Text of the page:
Palestinian American Women at a wedding in Widdi's Catering Hall, Bay Ridge, Brooklyn, N.Y., 1999

Widdi's is known throughout the Arab American community as the place to have your party after Ramadan, your wedding, your confirmation party, your fund raising party, or your political meeting of the community. Gold coins are traditional wedding presents which are pinned to the bride's dress at the marriage ceremony. It is common for the women to wear strings of gold coins minted in the Mid-East around their heads and their waists on special occasions such as this wedding. One man when I asked about it said that we don't trust banks.

Box 4
Image RL10011-P-48
A relative of the groom dancing at the wedding in Widdi's Catering Hall, Bay Ridge, Brooklyn, NY, 1999

He is the spitting image of one my cousins when we were younger. As I looked around the room filled with Palestinians it struck me that many of the people there looked like my own relatives and I thought how come they can't see it. They are from the same family. When will they see it. When will the killings stop!

Box 4
Image RL10011-P-49
Astroland Amusement Park, Coney Island, NY, 1999

I liked this photograph, but it was not in the exhibition of my work, because the museum directors thought it inflammatory. I thought they were being overly cautious, but it was soon after the attack on the towers and many people were upset and so I lost the argument.

Box 4
Image RL10011-P-50
Ecumenical Peace March of Christians, Moslems and Jews, Bay Ridge, Brooklyn Sept. 26, 2001

Over a thousand Christians, Muslims, and Jewish Arab Americans made clear their desire for peace and their hatred for violence. Unfortunately, though the Churches, Mosques and Synagogues sent out many press releases, none of the press came to report about this event.

Box 4
Image RL10011-P-51
Peace vigil on the Esplanade, Brooklyn Heights, N.Y., Sept 16, 2001

Debbie Almontaser, an educator and activist, carried a photograph of her son wherever she went. He was in the National Guard patrolling the area around Ground Zero and couldn't go to the Peace Vigil, September 16, 2001. After September 11th a number of people in Brooklyn Heights called her names and tried to get her to take off her hijab. She started to carry the photograph of her son who had been called up to the National Guard on September 11th. She told the people that were harassing her that he was in the National Guard patrolling the area around Ground Zero and that she was as patriotic as they were. She told me that the harassment was so bad that teachers at the public school where she worked had to escort her to school and back. Shortly after, she resigned from teaching there.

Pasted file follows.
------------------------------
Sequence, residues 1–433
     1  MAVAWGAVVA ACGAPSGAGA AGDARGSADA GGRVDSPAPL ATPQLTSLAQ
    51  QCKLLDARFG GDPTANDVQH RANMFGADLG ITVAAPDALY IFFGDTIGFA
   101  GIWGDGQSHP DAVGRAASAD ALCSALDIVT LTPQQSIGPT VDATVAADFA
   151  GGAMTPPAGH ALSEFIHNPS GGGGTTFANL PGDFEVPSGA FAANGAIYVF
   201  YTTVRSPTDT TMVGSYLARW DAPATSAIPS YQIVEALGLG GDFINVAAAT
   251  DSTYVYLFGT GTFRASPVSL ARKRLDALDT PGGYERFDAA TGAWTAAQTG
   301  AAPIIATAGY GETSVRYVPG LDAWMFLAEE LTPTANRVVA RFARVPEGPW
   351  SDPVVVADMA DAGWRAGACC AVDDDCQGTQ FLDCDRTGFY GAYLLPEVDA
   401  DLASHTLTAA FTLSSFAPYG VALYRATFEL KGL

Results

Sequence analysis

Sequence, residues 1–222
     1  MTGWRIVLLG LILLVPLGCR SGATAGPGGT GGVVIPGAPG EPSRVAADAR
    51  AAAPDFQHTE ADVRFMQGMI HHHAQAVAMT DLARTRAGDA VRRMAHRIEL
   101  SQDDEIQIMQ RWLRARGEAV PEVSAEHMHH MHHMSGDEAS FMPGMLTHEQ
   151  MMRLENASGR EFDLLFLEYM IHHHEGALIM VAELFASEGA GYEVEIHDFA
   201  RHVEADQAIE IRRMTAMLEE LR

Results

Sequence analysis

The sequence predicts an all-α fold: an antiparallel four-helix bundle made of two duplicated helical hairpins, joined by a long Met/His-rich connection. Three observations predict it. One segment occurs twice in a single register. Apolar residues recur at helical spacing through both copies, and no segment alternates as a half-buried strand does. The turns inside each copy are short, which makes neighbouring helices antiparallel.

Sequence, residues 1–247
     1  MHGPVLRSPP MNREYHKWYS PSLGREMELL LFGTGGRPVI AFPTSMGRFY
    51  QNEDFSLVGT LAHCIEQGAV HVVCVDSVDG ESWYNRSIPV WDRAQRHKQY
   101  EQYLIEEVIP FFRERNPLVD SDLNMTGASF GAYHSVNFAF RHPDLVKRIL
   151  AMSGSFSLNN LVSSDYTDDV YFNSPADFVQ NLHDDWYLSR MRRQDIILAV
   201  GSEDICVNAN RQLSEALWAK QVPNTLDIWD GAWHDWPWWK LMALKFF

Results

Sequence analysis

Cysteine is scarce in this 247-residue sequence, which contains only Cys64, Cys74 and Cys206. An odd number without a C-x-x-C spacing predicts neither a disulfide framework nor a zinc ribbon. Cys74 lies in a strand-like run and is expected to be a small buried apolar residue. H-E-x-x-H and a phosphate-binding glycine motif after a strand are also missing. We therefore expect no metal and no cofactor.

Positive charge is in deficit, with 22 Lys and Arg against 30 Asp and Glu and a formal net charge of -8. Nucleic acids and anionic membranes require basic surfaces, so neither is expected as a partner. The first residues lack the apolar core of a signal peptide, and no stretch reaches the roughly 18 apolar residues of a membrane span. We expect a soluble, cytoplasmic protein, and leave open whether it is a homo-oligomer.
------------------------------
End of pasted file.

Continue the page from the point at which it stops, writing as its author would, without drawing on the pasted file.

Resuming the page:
Box 4
Image RL10011-P-52
Muhaideen Batah and Yosef Thalen in Brooklyn, N.Y., 1999

Muhaideen (with camera) was one of my students who became one of my friends. He received his Bachelors Degree from the State University of New York/Empire State College. He was a photography major who was a carpenter years ago in Nazareth, and is now is a successful photographer and lecturer on Palestinian and Islamic issues and lives in Vermont. Yosef, lived in Jerusalem and Jordan most of the time and made a living by coming to Brooklyn and selling tiny Korans on the streets and in the mosques. When he was in Brooklyn he slept in one of the Mosques. He died in 2004.

Box 4
Image RL10011-P-53
Palestinian woman (older) with candle at peace vigil

There was a march of more than a thousand people of all denominations against violence in Brooklyn Heights. The press did not carry it to any extent.

Box 4
Image RL10011-P-54
Josef Thalen

He said he was saluting the King of Jordan.

Box 4
Image RL10011-P-55
Her brother was still missing, Peace March, September 26, 2001
Box 4
Image RL10011-P-56
Patriarch looking at a photograph of a woman who is searching for her brother who has probably been killed by the attack on the twin towers
Box 4
Image RL10011-P-57
Iraqi Woman student at an English as a Second Language Class, Utica, N.Y.
Box 4
Image RL10011-P-58
[Dr. Alrawi, an Iraqi OB/GYN doctor, has a "wellness" practice for women in Bay Ridge, Brooklyn]

Her pregnant patient is from Aden, 2004.

Box 5
Image RL10011-P-59
Carrying a Greek orthodox cross at the march against violence and terrorism on Bay Ridge Blvd.